George Barker (poet)

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George Barker
George.Barker.by.Patrick.Swift.London.jpg
George Barker, by Patrick Swift, c. 1960
Born (1913-02-26)26 February 1913
Loughton, Essex
Died 27 October 1991(1991-10-27) (aged 78)
Itteringham, Norfolk
Occupation Poet
Nationality English

George Granville Barker (26 February 1913 – 27 October 1991) was an English poet and author.

While sometimes associated with the mid-century New Apocalypse,[1] Barker's characteristically independent idiosyncrasies set him off as an individual in his own right.[2]

Life and work[edit]

Barker was born in Loughton, near Epping Forest in Essex, England, elder brother of the painter Kit Barker. He was raised by his Irish mother and English father in Battersea, London. He was educated at an L.C.C. school and at Regent Street Polytechnic. Having left school at an early age he pursued several odd jobs before settling on a career in writing. Early volumes of note by Barker include Thirty Preliminary Poems (1933), Poems (1935) and Calamiterror (1937), which was inspired by the Spanish Civil War.[3]

In his early twenties, Barker had already been published by T. S. Eliot at Faber and Faber, who also helped him to gain appointment as Professor of English Literature in 1939 at Tohoku University (Sendai, Miyagi, Japan). He left there in 1940 due to the hostilities, but wrote Pacific Sonnets during his tenure.

He then travelled to the United States where he began his longtime liaison with writer Elizabeth Smart, by whom he had four of his fifteen children. Barker also had three children by his first wife, Jessica.[4] He returned to England in 1943. From the late 1960s until his death, he lived in Itteringham, Norfolk, with his wife Elspeth Barker, the novelist. In 1969, he published the poem At Thurgarton Church, the village of Thurgarton being a few miles from Itteringham.

Barker's 1950 novel, The Dead Seagull, described his affair with Smart, whose 1945 novel By Grand Central Station I Sat Down and Wept was also about the affair.[5] His Collected Poems (ISBN 0-571-13972-8) were edited by Robert Fraser and published in 1987 by Faber and Faber.

A notoriously uneven writer, Barker's masterpiece was considered by C. H. Sisson to be The True Confession of George Barker.[6]

In describing the difficulties in writing his biography, Barker was quoted as saying, "I've stirred the facts around too much ... It simply can't be done." Yet, Robert Fraser did just that with The Chameleon Poet: A Life of George Barker.[7]

Bibliography[edit]

  • Selected Poems, edited by Robert Fraser, Faber and Faber (1995)
  • The Chameleon Poet: A Life of George Barker, Robert Fraser, Jonathan Cape Ltd (2002)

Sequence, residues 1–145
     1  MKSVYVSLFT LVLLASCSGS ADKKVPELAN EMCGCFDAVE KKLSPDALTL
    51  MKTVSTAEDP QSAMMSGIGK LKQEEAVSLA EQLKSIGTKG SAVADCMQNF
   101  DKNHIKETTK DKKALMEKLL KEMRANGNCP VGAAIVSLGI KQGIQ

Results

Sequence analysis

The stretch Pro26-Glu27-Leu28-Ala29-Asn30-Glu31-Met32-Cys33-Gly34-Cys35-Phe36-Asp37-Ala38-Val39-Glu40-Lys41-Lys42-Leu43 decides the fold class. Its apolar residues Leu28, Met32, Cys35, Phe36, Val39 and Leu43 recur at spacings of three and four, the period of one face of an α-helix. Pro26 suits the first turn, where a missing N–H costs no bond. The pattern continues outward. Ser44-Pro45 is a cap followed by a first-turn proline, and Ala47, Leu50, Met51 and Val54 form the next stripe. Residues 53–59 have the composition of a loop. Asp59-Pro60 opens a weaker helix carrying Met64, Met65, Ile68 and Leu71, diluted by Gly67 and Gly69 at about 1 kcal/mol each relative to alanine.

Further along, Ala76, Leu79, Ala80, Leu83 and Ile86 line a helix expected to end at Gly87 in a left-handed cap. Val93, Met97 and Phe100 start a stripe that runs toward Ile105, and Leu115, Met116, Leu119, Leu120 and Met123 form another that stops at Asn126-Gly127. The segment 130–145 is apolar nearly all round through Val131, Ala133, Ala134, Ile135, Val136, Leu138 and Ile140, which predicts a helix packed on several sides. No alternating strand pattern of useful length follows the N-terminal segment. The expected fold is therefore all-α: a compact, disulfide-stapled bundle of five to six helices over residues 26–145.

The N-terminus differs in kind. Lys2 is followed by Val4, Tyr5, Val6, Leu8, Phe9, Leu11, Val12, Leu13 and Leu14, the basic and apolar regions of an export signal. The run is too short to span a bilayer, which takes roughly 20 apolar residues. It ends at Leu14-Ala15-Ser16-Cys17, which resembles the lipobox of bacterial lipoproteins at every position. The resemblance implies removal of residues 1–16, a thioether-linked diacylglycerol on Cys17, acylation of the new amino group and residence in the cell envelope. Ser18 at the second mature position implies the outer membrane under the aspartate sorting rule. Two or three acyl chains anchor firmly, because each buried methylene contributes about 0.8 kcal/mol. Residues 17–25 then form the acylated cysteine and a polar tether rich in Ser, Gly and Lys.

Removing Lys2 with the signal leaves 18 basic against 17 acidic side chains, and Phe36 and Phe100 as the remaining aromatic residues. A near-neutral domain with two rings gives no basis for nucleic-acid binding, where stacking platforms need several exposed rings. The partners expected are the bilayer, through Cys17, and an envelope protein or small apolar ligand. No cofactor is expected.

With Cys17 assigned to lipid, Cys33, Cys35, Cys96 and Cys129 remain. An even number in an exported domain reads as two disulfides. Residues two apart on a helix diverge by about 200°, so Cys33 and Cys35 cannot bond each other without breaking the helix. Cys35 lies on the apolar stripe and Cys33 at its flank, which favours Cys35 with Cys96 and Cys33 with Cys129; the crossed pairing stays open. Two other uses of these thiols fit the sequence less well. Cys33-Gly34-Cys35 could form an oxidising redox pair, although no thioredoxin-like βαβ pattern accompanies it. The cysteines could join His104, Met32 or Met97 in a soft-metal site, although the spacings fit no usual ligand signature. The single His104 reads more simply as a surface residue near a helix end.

• Poems by George Barker, selected by Elspeth Barker, Greville Press (2004)
  • Selected Poems, New York : Macmillan Co (1941)
  • Homage to George Barker on his sixtieth birthday, edited by John Heath-Stubbs and Martin Green, Martin Brian & O'Keeffe (1973)
  • Dibby Dubby Dhu and other poems, illustrated by Sara Fanelli, Faber (1997)
  • Poems of places and people, Faber and Faber (1971)
  • Collected Poems, 1930-1955. Faber & Faber (1957)
  • Thirty Preliminary Poems, David Archer (1933)
  • Street ballads, Faber & Faber (1992)
  • The alphabetical zoo, Illustrated by Krystyna Roland, Faber and Faber (1972)
  • A vision of beasts and gods, Faber (1954)
  • The view from a blind I, Faber (1962)
  • Eros in Dogma, Faber & Faber (1944)
  • The True Confession of George Barker, MacGibbon & Kee (1965)
  • Calamiterror, Faber & Faber (1937)
  • Janus(The Documents of a Death.-The Bacchant.) [Two tales.], Faber & Faber (1935)
  • At Thurgarton Church, A poem with drawings, etc., London : Trigram Press (1969).
  • The Dead Seagull, Farrar, Straus & Young New York (1951)
  • Love Poems, New York : Dial Press (1947)
  • Dreams of a summer night, Faber & Faber (1966)
  • News of the world, Faber (1950)
  • III hallucination poems, New York City : Helikon Press (1972)
  • Alanna Autumnal, London : Wishart (1933)
  • Two plays, Faber (1958)
  • Poems, Faber & Faber (1935)
  • Elegy on Spain, Manchester : Contemporary Bookshop (1939)
  • The golden chains, Faber (1968)
  • To Aylsham Fair, Faber (1970)
  • Essays, MacGibbon & Kee (1970)
  • Dialogues etc., Faber (1976)
  • Seven poems, Greville Press (1977)
  • Lament and Triumph, Faber & Faber (1940)


References[edit]

  1. ^ I Ousby ed., The Cambridge Guide to Literature in English (1995) p. 38
  2. ^ C. H. Sisson, English Poetry 1900-1950 (1981) p. 243
  3. ^ D. Daiches ed., The Penguin Companion to Literature Vol 1 (1971) p. 34
  4. ^ Sansom, Ian (March 2, 2002). "Master of the red Martini". The Guardian. Retrieved 2008-07-08. "Jessica has just given birth to his twins, Elizabeth Smart is busy giving birth to her second child by him, and he is spending most of his time drinking in London." 
  5. ^ I Ousby ed., The Cambridge Guide to Literature in English (1995) p. 38
  6. ^ C. H. Sisson, English Poetry 1900-1950 (1981) p. 248
  7. ^ The Chameleon Poet: A Life of George Barker (Jonathan Cape Ltd, 2002, ISBN 978-0-7123-0540-2).

Further reading[edit]

  • Daniel Farson, Soho in the Fifties (Michael Joseph, London, 1987).
  • An Anthology from X (Oxford University Press, 1988)
  • Patrick Swift 1927-83 (Gandon Editions, Kinsale, 1993).
  • Selected Poems, HOMAGE TO GEORGE BARKER (On his Sixtieth Birthday). John Heath-Stubbs & Martin Green, eds, 1973. Includes portrait of Barker by Swift seen here.
  • The Chameleon Poet: A Life of George Barker, Jonathan Cape Ltd (21 Feb 2002), ISBN 978-0-224-06242-8
  • The Spoken Word: George Barker [Audiobook], ISBN 978-0-7123-0540-2

External links[edit]